The moving finger writes; and, having writ,
Moves on: nor all your Piety nor Wit
Shall lure it back to cancel half a Line,
Nor all your Tears wash out a Word of it.
Omar Khayyam was born in 1048 in present day Iran. In the Encyclopedia of Religion and Ethics, Ernst Troeltsch points out the rise of Rationalism in the Muslim world at that time, and with perhaps the exception of Voltaire, no poet or philosopher was more cynical than Omar Khayyam, the high priest of free-thought and of pessimism. His masterpiece The Rubáiyát has often been compared to Ecclesiastes and reading the two together offers rewards on many levels, including a good contrast of Islam and the God of Israel. One of the fundamental differences between Islam and Christianity is Pessimism vs. Optimism.
Here is a good example of the two. In Ecclesiastes we have this in Chapter three:
“What do workers gain from their toil? I have seen the burden God has laid on the human race. He has made everything beautiful in its time. He has also set eternity in the human heart; yet no one can fathom what God has done from beginning to end. I know that there is nothing better for people than to be happy and to do good while they live. That each of them may eat and drink, and find satisfaction in all their toil—this is the gift of God. I know that everything God does will endure forever; nothing can be added to it and nothing taken from it. God does it so that people will fear him.
Whatever is has already been,
and what will be has been before;
and God will call the past to account.
And I saw something else under the sun:
In the place of judgment—wickedness was there,
in the place of justice—wickedness was there.
I said to myself,
“God will bring into judgment
both the righteous and the wicked,
for there will be a time for every activity,
a time to judge every deed.”
The Teacher’s acceptance of God’s beautiful plan differs from Omar Khayyam’s nonaccepting attitude:
Ah Love! could you and I with Fate conspire
To grasp this sorry Scheme of Things entire,
Would not we shatter it to bits—and then
Re-mould it nearer to the Heart’s Desire!
Beyond this is Jesus Christ. He is Emmanuel, God among us, the remedy for pessimism and the recognition of God’s transcendence and His eternal love for man. He is our Savior. The Rubáiyát says once the moving finger has written nothing can change your destiny or fate. Nothing but the blood of Jesus.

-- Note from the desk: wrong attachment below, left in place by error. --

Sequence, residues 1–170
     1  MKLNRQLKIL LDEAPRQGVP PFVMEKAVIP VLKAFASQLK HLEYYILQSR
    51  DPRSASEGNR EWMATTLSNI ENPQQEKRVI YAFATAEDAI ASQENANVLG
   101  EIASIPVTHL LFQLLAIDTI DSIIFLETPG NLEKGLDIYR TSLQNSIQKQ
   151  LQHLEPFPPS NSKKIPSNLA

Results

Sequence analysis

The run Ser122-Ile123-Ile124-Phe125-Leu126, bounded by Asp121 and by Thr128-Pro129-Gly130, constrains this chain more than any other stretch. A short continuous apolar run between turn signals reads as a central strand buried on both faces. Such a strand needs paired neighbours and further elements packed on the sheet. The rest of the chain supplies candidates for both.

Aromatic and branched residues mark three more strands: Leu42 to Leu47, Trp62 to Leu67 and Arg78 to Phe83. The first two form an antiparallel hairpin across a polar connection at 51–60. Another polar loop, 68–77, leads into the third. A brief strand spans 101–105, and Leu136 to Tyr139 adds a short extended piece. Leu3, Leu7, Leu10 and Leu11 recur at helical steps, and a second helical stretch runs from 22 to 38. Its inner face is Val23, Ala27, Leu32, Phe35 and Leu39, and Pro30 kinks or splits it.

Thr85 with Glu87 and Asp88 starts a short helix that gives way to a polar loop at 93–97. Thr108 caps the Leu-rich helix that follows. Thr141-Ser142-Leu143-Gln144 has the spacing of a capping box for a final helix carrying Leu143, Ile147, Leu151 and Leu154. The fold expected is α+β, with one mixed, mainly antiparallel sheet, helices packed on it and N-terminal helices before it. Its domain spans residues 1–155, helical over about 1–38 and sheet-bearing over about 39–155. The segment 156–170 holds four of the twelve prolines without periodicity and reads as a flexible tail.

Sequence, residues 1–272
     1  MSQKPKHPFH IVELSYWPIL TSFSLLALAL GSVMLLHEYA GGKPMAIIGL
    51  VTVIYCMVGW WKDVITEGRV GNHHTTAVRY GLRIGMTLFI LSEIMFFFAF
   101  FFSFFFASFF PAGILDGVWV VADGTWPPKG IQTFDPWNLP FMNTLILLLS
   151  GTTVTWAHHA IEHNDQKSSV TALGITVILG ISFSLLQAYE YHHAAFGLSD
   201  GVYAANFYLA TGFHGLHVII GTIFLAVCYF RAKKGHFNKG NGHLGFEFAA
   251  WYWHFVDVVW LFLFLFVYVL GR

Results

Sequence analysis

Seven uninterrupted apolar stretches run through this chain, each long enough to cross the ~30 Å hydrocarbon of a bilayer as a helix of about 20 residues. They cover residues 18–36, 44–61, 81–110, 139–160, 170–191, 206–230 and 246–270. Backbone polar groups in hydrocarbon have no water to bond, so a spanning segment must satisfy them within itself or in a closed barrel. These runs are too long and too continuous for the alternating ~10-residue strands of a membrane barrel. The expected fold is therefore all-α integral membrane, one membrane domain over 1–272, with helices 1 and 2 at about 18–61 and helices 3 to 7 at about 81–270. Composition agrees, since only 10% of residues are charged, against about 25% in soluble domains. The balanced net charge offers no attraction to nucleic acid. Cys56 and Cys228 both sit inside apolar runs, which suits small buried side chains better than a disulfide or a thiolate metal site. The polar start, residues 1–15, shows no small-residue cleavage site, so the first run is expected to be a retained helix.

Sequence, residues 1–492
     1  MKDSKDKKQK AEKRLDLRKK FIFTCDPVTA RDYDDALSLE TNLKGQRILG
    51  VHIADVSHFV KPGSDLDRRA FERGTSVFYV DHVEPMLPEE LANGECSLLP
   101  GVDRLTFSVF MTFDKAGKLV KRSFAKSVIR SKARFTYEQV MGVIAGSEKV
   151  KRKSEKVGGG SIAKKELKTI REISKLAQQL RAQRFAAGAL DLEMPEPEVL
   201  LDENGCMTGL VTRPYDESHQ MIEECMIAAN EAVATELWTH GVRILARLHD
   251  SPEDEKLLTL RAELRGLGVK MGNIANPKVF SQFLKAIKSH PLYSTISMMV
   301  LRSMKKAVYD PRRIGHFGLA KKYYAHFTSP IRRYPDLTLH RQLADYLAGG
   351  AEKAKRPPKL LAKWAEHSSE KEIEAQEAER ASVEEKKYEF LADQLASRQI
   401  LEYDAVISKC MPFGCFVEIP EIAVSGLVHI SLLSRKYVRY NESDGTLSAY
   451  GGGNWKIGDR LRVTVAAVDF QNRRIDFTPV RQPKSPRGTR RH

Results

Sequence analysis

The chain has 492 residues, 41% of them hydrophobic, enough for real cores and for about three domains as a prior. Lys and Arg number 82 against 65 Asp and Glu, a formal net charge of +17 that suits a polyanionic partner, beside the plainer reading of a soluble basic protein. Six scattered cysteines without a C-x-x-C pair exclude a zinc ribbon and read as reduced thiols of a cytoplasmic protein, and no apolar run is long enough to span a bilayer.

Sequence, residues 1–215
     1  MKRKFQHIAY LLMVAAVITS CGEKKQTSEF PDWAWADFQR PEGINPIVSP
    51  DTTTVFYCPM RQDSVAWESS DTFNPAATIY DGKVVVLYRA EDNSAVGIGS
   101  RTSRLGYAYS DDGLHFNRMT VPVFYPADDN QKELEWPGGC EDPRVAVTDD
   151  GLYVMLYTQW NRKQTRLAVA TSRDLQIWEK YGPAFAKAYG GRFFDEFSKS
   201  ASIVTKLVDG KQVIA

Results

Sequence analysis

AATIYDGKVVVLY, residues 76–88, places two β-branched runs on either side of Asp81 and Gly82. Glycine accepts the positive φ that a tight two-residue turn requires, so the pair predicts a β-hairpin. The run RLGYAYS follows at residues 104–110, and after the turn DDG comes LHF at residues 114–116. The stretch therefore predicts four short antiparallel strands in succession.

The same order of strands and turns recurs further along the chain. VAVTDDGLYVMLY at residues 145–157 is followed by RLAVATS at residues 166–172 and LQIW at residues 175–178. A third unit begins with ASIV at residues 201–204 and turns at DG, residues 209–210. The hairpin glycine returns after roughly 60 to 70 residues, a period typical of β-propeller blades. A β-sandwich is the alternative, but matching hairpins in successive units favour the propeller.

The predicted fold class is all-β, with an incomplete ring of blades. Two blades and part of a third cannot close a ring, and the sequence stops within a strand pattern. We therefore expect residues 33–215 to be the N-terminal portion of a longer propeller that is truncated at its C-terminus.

In Him we have redemption through His blood, the forgiveness of our trespasses, according to the riches of His grace.
D I G D E E P E R
There are volumes on Ecclesiastes in all the great commentaries, and treatments of it in the volumes on Introduction. See A. J. Arberry, ed., The Legacy of Persia (Oxford: Clarendon, 1953); R. N. Frye, The Golden Age of Persia (New York: Barnes and Noble, 1975) and Edwin M. Yamauchi, Persia and the Bible (Grand Rapids, MI: Baker Books, 1996). A few of the many separate commentaries are those of Moses Stuart, Andover, 1864; H. Grätz, Leipzig, 1871; G. Wildeboer, Tübingen, 1898; E. H. Plumptre, Cambridge, 1881. Other works are those of J. F. Genung, Eccl, and Omar Khayyám, 1901, Words of Koheleth, 1904, and The Hebrew Lit. of Wisdom in the Light of Today, 1906; C. H. H. Wright, Book of Koheleth, 1883; S. Schiffer, Das Buch Coheleth nach Talmud und Midrasch, 1885; A. H. McNeile, Intro to Eccl, New York, 1904.
On the similarity to Omar Khayyam: J. F. Genung, Ecclesiastes and Omar Khayyam, Boston, 1901; A. Buchanan, Essence of Ecclesiastes in Metre of Omar Khayyam, London, 1904. On the history of interpretation: S. Schiffer, Das Buch Coheleth nach Talmud und Midrasch, Leipsic 1885; M. M. Kalisch, Path and Goal, London, 1880.
Finally, a good overview is found with Samuel Macauley Jackson, ed., The New Schaff-Herzog Encyclopedia of Religious Knowledge: Embracing Biblical, Historical, Doctrinal, and Practical Theology and Biblical, Theological, and Ecclesiastical Biography from the Earliest Times to the Present Day (New York; London: Funk & Wagnalls, 1908–1914)